Daylight saving time (aka daylight time, aka DST) has its origins in the United States with the Standard Time Act of 1918 (See Pub.L. 65-106, United States Statutes at Large, 65th Congress), an effort to conserve fuel during the First World War. With the Uniform Time Act of 1966, the starting and ending dates were standardized for every area in the United States observing daylight saving time (Pub.L. 89-387, Unites States Statutes at Large, 89th Congress).
Throughout the years the start and end dates for daylight time have changed and changed again (and were even briefly instituted year-round); wartime and the 1970s energy crisis were the leading causes for daylight time’s evolving history. Starting in 2007, after the Energy Policy Act of 2005, DST begins the second Sunday in March and ends the first Sunday in November.
This Sunday, November 2, marks this year’s end of daylight saving time, when at 2:00 a.m. the clocks are turned back to 1:00 a.m. (Unless you’re in Hawaii, or one of the territories, or one of the areas of Arizona that stick with Standard Time year-round. Indiana, which straddles two time zones and didn’t recognize daylight saving time until 2006, used to be particularly confusing.)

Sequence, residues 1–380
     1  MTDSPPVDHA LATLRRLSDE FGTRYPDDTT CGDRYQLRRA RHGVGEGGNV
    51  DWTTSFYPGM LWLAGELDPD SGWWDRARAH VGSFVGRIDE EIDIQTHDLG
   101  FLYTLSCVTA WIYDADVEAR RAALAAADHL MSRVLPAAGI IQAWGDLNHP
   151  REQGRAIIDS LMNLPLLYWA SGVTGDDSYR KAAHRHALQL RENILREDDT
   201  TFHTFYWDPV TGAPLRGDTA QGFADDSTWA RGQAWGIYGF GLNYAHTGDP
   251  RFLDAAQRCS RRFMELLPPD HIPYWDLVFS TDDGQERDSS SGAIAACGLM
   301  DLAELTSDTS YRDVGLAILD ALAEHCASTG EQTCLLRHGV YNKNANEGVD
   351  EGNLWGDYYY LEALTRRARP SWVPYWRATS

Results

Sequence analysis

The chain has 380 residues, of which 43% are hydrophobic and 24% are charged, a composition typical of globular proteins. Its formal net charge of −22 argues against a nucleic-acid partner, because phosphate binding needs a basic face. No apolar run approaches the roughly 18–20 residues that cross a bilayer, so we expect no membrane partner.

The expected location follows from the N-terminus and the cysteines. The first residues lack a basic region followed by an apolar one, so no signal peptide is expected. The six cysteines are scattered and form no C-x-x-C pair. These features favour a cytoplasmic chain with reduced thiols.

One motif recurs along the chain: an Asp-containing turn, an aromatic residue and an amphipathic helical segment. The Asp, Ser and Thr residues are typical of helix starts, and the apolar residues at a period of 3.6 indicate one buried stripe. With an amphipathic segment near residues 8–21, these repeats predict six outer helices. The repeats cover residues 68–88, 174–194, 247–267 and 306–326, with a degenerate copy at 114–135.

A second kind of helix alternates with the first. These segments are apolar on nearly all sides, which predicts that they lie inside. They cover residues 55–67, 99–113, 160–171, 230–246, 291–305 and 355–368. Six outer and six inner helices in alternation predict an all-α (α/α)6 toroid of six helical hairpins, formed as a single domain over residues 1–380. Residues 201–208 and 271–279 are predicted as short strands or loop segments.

For more information on DST, check out the National Institute of Standards and Technology (NIST), a division of the U.S. Department of Commerce, and their FAQs on daylight saving time. You can also read the current United States Code (Title 15, Chapter 6, Subchapter IX – Standard Time) to see how the law stands now.
If you’re really confused – just check here.